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AR15 Handguard - How is it kept tight?

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I'd like to install one of those fancy machined handguards with the Picatinny rail along the top to one of my phantom AR-type rifles. The original barrel nut is toothed, and the gas tube through the teeth is what keeps the nut tight. These new handguards have a barrel nut that doesn't look to have any teeth to prevent loosening of the nut. What keeps the nut tight? If it's just friction, that doesn't seem to me like it's going to work for too awful long...

barrel-nut.JPG
 
OP
nvshooter
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Maybe some form of Loc-tite?
I'd not want to put loc-tite on those threads. I put a drop too many on the buffer tube threads of another one of my phantom AR-type rifles a number of months ago. I then wanted to install a QD endplate a couple of weeks ago. The castle nut was so tightly adhered to the endplate that the little alignment nub on the OEM endplate rotated with the nut and buggered the threads. A quick hit on the ebay website and about a week of waiting had me a new tube and castle nut. I now use one sparing drop of loc-tite to secure the castle nut.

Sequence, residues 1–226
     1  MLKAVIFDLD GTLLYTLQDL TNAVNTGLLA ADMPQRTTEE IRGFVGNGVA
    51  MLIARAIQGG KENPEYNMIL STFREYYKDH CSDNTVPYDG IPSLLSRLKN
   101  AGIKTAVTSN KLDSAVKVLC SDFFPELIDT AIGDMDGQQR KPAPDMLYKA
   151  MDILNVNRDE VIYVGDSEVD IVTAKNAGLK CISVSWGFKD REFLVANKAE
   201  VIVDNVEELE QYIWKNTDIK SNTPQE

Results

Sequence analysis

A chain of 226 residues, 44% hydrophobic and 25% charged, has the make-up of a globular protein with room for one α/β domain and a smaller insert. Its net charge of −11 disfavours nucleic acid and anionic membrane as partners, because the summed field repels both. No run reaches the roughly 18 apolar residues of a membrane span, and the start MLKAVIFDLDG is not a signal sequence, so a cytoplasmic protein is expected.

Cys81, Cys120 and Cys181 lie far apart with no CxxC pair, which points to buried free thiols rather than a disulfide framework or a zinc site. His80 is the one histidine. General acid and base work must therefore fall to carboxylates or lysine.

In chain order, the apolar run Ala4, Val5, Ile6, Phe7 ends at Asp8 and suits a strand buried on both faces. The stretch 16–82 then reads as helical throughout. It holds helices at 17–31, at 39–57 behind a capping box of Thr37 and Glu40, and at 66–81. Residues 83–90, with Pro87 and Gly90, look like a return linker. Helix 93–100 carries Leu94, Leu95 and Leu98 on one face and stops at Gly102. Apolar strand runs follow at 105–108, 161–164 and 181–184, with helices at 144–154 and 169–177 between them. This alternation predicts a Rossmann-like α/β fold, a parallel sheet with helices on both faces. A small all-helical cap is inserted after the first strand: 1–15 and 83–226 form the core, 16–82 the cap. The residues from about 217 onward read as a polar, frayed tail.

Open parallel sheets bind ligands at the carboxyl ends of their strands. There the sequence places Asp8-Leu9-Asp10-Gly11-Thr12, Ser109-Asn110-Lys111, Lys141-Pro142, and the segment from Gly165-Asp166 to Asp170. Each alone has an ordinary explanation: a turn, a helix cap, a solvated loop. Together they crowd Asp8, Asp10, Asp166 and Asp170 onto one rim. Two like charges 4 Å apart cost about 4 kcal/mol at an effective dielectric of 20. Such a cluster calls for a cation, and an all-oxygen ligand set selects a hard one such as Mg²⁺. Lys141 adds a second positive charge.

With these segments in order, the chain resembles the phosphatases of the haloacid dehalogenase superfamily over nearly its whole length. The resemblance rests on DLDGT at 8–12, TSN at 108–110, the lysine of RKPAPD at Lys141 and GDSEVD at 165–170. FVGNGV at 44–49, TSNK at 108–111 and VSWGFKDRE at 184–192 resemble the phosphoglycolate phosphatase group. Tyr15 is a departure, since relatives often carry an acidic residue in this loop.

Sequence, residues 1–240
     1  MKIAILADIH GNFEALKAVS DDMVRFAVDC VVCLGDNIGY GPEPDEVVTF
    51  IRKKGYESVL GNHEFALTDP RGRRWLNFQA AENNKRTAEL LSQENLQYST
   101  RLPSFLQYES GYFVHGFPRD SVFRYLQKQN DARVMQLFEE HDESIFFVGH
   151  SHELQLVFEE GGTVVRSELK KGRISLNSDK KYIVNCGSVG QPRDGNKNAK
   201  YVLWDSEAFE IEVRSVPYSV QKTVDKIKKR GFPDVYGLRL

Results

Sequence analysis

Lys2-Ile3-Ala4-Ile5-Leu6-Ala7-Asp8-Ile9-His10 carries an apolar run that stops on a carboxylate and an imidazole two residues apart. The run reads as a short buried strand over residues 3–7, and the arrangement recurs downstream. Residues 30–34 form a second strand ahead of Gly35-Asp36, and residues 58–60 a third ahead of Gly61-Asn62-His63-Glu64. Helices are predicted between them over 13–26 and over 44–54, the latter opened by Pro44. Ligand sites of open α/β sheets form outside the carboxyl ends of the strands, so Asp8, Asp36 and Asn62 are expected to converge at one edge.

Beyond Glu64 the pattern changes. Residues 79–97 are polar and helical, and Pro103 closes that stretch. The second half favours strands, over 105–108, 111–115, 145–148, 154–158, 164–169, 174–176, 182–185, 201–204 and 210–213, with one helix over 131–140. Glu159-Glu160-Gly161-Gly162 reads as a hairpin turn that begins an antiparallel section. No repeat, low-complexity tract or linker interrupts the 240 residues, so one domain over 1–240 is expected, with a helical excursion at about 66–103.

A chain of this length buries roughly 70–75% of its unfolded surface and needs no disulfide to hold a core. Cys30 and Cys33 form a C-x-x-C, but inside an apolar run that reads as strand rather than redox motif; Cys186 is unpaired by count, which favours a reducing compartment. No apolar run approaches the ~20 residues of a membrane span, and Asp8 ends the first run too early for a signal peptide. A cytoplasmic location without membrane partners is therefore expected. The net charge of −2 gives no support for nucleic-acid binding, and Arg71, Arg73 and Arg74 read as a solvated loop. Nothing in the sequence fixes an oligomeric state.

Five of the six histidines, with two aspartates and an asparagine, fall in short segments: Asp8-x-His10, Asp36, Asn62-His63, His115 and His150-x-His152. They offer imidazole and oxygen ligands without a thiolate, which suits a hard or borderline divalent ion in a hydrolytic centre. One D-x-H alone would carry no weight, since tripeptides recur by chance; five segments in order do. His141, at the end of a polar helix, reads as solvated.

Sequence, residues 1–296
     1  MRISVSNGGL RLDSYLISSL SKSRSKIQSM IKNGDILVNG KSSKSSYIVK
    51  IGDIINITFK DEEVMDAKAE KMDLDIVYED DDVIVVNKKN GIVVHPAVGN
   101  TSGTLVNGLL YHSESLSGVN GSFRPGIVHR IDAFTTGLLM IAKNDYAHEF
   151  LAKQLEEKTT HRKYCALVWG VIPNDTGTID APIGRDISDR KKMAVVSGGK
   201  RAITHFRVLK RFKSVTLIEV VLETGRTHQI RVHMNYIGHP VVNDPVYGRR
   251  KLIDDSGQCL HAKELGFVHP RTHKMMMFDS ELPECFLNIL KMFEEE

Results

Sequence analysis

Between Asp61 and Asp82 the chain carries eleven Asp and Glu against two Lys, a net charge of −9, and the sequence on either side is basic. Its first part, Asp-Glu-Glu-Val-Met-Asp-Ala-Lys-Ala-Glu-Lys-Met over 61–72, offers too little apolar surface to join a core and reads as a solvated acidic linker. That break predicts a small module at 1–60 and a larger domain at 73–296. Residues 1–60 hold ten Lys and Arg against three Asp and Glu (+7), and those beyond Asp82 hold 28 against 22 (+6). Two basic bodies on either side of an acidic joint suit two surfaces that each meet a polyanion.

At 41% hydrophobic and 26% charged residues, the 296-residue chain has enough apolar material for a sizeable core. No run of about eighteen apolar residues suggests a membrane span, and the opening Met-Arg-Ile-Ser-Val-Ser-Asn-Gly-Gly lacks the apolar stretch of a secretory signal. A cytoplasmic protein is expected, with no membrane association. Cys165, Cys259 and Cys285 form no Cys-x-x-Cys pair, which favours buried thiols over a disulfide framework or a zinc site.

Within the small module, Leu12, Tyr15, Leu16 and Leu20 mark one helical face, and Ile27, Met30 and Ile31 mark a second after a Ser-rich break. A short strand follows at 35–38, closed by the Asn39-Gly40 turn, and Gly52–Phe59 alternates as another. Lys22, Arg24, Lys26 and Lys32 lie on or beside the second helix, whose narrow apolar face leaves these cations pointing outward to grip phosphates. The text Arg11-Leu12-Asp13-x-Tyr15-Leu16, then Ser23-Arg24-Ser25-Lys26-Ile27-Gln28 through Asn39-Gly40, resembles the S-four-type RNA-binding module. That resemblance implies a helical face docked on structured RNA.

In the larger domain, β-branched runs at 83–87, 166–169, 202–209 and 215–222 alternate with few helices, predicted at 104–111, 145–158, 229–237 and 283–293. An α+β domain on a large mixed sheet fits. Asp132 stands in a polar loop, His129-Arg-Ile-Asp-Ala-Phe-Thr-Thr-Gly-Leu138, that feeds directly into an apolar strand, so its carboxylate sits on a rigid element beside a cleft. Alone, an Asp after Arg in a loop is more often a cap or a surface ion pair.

I have seen these types of handguards offered with two wavy washers. I'd have to assume the wavy washers are what maintain friction once the barrel nut has been tightened. I'm a mechanically-minded person. I prefer nuts and bolts over "modern composite adhesives." One of Boeing's new wide-body jets is glued together. You won't see my assets on that jet...
 
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Just read a thread on a forum about using some kind of RUBBERY COMPOUND to hold grip screws in. Its easy to loosen and is reusable. Will try to find the thread and get the name for you.

Merry Christmas!

Didnt find the thread, BUT, did find this on e-Bay:

"Prevents fasteners loosening from shock & vibration
Vibra-Tite VC-3 Threadmate is one of the most versatile threadlockers available on the market. Unlike traditional liquid lockers which cure to form a hard bond, VC-3 is a blend of resins designed to remain flexible and absorb vibration. This unique difference makes VC-3 coated fasteners truly adjustable, removable, and reusable. Great for fasteners ranging from tiny set and eyeglass screws to huge construction bolts, Vibra-Tite VC-3 is ideal for use on assemblies of any size and configuration.
  • Will not harden like traditional threadlockers
  • Dampens and absorbs vibration
  • Works with metal, wood, plastic* and more
  • Fasteners are easily adjusted, removed and reused
  • Works on fasteners of any shape or size, from tiny eyeglass screws to large construction bolts
  • Works with internal or external threads"

The name sounds familiar!!

ps: there are several types/strengths of Vibra-tite, red/blue/purple, and several different products. I'd search for VIBRA-TITE and let them suggest away.